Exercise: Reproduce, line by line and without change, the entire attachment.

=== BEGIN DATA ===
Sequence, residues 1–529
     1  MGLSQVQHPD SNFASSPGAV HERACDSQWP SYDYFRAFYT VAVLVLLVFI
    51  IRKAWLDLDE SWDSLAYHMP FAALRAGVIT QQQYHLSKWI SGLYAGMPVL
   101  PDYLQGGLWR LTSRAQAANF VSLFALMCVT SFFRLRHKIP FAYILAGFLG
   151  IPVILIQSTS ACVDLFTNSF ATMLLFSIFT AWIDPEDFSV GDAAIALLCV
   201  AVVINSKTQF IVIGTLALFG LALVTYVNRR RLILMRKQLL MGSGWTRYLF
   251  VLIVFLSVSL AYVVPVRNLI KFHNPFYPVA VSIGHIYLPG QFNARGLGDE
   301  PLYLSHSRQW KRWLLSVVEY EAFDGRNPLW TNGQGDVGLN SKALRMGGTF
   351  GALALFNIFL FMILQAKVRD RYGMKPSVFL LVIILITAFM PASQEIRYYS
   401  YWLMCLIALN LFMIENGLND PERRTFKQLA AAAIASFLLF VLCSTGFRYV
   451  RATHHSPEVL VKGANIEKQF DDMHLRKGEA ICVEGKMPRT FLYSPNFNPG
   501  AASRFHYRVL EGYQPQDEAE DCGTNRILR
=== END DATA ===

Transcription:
Sequence, residues 1–529
     1  MGLSQVQHPD SNFASSPGAV HERACDSQWP SYDYFRAFYT VAVLVLLVFI
    51  IRKAWLDLDE SWDSLAYHMP FAALRAGVIT QQQYHLSKWI SGLYAGMPVL
   101  PDYLQGGLWR LTSRAQAANF VSLFALMCVT SFFRLRHKIP FAYILAGFLG
   151  IPVILIQSTS ACVDLFTNSF ATMLLFSIFT AWIDPEDFSV GDAAIALLCV
   201  AVVINSKTQF IVIGTLALFG LALVTYVNRR RLILMRKQLL MGSGWTRYLF
   251  VLIVFLSVSL AYVVPVRNLI KFHNPFYPVA VSIGHIYLPG QFNARGLGDE
   301  PLYLSHSRQW KRWLLSVVEY EAFDGRNPLW TNGQGDVGLN SKALRMGGTF
   351  GALALFNIFL FMILQAKVRD RYGMKPSVFL LVIILITAFM PASQEIRYYS
   401  YWLMCLIALN LFMIENGLND PERRTFKQLA AAAIASFLLF VLCSTGFRYV
   451  RATHHSPEVL VKGANIEKQF DDMHLRKGEA ICVEGKMPRT FLYSPNFNPG
   501  AASRFHYRVL EGYQPQDEAE DCGTNRILR